Biography

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American Ulysses: A Life of Ulysses S. Grant

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NEW YORK TIMES BESTSELLER - From the author of A. Lincoln, a major new biography of one of America's greatest generals--and most misunderstood presidents

Winner of the William Henry Seward Award for Excellence in Civil War Biography - Finalist for the Gilder-Lehrman Military History Book Prize

In his time, Ulysses S. Grant was routinely grouped with George Washington and Abraham Lincoln in the "Trinity of Great American Leaders." But the battlefield commander-turned-commander-in-chief fell out of favor in the twentieth century. In American Ulysses, Ronald C. White argues that we need to once more revise our estimates of him in the twenty-first.

Based on seven years of research with primary documents--some of them never examined by previous Grant scholars--this is destined to become the Grant biography of our time. White, a biographer exceptionally skilled at writing momentous history from the inside out, shows Grant to be a generous, curious, introspective man and leader--a willing delegator with a natural gift for managing the rampaging egos of his fellow officers. His wife, Julia Dent Grant, long marginalized in the historic record, emerges in her own right as a spirited and influential partner.

Grant was not only a brilliant general but also a passionate defender of equal rights in post-Civil War America. After winning election to the White House in 1868, he used the power of the federal government to battle the Ku Klux Klan. He was the first president to state that the government's policy toward American Indians was immoral, and the first ex-president to embark on a world tour, and he cemented his reputation for courage by racing against death to complete his Personal Memoirs. Published by Mark Twain, it is widely considered to be the greatest autobiography by an American leader, but its place in Grant's life story has never been fully explored--until now.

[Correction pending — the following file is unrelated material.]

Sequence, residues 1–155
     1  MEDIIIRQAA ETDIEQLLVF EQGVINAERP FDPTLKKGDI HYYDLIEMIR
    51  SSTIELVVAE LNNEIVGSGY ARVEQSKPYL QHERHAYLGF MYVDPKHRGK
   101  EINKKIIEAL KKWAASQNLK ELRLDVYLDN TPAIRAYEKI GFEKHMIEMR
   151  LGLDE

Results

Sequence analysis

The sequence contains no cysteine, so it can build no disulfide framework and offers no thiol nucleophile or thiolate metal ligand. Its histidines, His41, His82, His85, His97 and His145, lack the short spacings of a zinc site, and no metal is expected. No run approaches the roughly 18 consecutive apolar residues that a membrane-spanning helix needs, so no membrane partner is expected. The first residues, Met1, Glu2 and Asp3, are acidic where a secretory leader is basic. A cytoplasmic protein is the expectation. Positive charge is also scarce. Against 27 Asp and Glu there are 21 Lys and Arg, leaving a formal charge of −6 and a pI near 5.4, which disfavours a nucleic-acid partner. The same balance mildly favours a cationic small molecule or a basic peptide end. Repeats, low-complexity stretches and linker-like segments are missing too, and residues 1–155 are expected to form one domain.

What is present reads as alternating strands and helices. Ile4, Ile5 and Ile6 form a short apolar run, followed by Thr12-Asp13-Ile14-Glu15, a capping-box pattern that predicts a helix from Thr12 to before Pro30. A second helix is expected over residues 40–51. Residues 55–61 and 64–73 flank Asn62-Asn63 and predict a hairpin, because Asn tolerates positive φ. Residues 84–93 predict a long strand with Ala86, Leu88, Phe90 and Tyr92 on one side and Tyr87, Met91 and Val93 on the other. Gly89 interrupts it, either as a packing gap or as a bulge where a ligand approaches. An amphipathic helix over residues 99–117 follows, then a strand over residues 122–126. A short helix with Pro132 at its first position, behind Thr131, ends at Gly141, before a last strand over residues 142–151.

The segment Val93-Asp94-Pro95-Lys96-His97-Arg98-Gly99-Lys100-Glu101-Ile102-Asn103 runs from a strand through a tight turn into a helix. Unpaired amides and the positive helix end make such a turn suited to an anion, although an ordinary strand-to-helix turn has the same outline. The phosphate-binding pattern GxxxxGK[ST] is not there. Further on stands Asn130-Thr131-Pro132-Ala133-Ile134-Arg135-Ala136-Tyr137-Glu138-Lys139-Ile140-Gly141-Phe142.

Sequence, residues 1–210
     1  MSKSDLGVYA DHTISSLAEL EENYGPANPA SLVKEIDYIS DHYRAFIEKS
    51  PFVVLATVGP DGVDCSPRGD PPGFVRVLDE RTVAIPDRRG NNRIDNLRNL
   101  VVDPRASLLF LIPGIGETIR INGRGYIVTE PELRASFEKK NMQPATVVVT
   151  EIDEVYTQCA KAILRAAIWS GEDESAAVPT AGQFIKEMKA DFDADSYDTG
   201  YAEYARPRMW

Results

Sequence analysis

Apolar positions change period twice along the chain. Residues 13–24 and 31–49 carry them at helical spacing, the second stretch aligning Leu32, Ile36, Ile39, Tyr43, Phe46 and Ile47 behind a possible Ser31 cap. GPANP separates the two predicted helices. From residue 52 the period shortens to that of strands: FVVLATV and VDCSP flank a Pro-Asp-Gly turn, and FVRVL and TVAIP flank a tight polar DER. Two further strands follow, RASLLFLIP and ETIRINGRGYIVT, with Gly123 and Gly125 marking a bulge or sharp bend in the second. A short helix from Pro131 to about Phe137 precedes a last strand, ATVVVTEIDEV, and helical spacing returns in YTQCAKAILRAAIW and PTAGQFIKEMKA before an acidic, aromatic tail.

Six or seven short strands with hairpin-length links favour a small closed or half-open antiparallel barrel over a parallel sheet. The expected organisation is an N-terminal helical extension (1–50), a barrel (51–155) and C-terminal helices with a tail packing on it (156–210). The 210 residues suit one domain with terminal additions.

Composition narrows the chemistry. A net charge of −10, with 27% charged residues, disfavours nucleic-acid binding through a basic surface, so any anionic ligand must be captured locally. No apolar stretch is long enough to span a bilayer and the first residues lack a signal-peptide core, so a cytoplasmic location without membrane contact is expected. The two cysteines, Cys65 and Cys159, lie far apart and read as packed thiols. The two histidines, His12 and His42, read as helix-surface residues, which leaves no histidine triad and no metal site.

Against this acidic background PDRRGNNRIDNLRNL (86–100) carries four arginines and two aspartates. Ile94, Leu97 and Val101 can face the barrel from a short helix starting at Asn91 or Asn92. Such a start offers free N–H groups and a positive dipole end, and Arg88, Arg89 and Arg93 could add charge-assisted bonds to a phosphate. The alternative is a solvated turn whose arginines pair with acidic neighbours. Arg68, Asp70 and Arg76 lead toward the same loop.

One of those rare books that successfully recast our impression of an iconic historical figure, American Ulysses gives us a finely honed, three-dimensional portrait of Grant the man--husband, father, leader, writer--that should set the standard by which all future biographies of him will be measured.

Praise for American Ulysses

"[Ronald C. White] portrays a deeply introspective man of ideals, a man of measured thought and careful action who found himself in the crosshairs of American history at its most crucial moment."--USA Today

"White delineates Grant's virtues better than any author before. . . . By the end, readers will see how fortunate the nation was that Grant went into the world--to save the Union, to lead it and, on his deathbed, to write one of the finest memoirs in all of American letters."--The New York Times Book Review

"Ronald White has restored Ulysses S. Grant to his proper place in history with a biography whose breadth and tone suit the man perfectly. Like Grant himself, this book will have staying power."--The Wall Street Journal

"Magisterial . . . Grant's esteem in the eyes of historians has increased significantly in the last generation. . . . [American Ulysses] is the newest heavyweight champion in this movement."--The Boston Globe

"Superb . . . illuminating, inspiring and deeply moving."--Chicago Tribune

"In this sympathetic, rigorously sourced biography, White . . . conveys the essence of Grant the man and Grant the warrior."--Newsday

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Echoes from a Pioneer Life